Keywords: Variable rate technology, Remote sensing, N-fertilisation, Sensor, Spatially variable nitrogen, On-line sensor, Real time sensing
Although nitrogen (N) is the most interesting nutrient for spatially variable application with the highest economic and environmental potential, other nutrients (P, K and lime) are in the forefront of precision farming. The reason for this is that appropriate methods are still missing, which can correctly and quickly predict the N fertiliser requirement at the required high resolution and cost efficiency. For cost reasons, deep soil sampling on a grid basis is not regarded as a realistic approach for site-specific N management. Plant monitoring or sensing is seen as the future method to determine the crop’s N demand on a spatial basis. This is because, direct or indirect measurement of crop’s N status has the advantage that the actual plant-available N from the soil is indicated, whereas soil analysis measures an N potential which is thereafter influenced by several factors which affect final plant availability.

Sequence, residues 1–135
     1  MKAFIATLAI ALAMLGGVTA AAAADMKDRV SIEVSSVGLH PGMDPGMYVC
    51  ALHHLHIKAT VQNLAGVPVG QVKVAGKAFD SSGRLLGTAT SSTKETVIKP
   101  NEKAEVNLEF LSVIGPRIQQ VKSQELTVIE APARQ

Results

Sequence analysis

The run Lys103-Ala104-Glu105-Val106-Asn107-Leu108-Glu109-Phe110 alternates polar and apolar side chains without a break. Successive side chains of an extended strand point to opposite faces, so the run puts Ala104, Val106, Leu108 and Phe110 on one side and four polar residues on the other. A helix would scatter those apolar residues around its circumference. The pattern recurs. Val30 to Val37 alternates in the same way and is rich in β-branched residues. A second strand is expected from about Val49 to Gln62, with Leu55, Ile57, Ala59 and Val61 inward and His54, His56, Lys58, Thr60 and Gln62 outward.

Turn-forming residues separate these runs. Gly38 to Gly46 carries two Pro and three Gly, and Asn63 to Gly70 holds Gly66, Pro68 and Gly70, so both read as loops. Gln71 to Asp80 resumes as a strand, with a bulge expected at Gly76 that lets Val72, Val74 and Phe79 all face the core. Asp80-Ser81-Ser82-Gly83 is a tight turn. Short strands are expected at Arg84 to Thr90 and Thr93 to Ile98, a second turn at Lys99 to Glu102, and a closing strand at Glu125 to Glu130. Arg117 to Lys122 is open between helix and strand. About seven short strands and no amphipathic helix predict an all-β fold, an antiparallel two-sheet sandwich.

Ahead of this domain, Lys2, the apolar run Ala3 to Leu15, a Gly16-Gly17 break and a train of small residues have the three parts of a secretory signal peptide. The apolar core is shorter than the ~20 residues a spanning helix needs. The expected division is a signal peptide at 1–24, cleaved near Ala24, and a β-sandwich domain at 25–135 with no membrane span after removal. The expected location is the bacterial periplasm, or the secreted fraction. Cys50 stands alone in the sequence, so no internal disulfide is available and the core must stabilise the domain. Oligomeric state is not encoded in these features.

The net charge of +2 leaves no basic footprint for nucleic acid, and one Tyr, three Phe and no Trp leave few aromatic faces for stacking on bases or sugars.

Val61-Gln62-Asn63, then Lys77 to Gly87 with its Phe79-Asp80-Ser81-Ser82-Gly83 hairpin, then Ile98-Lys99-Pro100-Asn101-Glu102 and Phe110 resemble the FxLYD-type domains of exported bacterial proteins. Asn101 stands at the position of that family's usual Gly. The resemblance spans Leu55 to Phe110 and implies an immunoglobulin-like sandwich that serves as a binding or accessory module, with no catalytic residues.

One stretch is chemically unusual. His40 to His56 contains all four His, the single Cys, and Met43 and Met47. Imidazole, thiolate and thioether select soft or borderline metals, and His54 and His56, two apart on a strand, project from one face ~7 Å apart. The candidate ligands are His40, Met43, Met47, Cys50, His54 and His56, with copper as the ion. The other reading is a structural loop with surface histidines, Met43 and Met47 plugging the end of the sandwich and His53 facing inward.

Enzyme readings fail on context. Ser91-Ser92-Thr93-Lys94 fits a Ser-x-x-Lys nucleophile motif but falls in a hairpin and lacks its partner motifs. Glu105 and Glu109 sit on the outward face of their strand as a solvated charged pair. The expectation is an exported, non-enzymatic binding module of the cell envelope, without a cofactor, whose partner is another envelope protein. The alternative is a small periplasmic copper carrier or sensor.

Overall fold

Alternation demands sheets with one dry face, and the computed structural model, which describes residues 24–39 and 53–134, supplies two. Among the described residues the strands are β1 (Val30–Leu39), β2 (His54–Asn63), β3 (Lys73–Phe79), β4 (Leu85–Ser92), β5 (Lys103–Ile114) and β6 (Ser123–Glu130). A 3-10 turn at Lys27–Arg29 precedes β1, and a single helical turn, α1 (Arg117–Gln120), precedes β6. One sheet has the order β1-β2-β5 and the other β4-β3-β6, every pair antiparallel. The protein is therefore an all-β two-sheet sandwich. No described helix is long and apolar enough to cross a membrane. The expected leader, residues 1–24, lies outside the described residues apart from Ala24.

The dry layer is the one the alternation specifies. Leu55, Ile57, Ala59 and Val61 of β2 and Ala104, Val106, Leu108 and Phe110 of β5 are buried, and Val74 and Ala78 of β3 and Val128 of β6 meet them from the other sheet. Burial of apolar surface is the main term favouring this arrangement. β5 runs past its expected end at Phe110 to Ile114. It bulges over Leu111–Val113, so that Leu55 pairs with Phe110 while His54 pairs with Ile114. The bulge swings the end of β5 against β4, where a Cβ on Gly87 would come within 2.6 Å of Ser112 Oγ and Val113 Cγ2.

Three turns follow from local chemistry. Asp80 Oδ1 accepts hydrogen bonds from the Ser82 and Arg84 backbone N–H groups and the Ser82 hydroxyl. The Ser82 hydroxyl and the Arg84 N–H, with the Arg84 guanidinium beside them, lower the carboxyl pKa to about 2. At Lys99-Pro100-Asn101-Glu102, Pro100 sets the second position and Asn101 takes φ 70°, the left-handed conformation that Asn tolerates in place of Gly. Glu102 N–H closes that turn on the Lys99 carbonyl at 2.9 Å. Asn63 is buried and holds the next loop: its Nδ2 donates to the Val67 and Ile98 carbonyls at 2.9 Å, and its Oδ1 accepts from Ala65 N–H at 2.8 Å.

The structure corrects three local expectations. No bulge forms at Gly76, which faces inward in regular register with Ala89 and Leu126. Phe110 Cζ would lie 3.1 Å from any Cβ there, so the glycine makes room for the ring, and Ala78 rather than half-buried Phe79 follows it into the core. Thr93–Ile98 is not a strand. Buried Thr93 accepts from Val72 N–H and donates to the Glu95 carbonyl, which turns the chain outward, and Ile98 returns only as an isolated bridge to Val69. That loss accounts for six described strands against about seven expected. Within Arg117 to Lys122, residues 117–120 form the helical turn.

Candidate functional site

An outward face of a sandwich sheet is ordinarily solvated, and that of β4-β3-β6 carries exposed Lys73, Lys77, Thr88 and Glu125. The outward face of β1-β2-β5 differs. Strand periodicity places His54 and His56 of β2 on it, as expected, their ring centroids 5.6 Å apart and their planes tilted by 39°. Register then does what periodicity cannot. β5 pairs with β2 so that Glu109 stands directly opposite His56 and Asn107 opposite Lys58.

In 1987 Hydro Agri started to develop instant in-field methods to determine N fertiliser rate. Methods which were investigated started with the Nitrate Sap Test, the Hydro PrecisioN-Tester (PNT) and the PrecisioN-Sensor (PNS), a recently released system for tractor-mounted crop sensing. PNT and PNS indirectly determine the N fertiliser demand based on chlorophyll measurement by transmittance and reflectance respectively, and are calibrated in field trials for cereals.
The PNT, which is a small handy device used for field-specific uniform N application, has been shown to have a good performance regarding yield, grain quality and environment, and is already recommended in governmental-funded environmental programs. The PNS, a tractor-based remote sensing system, allows real-time spatially variable N application. Using the PNS, a large variation of the N rate required in a single field between 0 to 120 kg N/ha for the second N dressing for winter wheat has been found. Yield advantages were determined by comparison to uniform N application at the same N rate. Further advantages of spatially variable N application according to crop needs are: reduced Nmin content after harvest, higher and more uniform grain protein, less lodging, uniform ripening and reduced fungal infection.
J. Wollring, S. Reusch and C. Karlsson, Hydro Agri Deutschland GmbH, Hanninghof 35, D-48249 DÃƒÂ¼lmen, Germany.
28 pages,19 figures, 12 refs.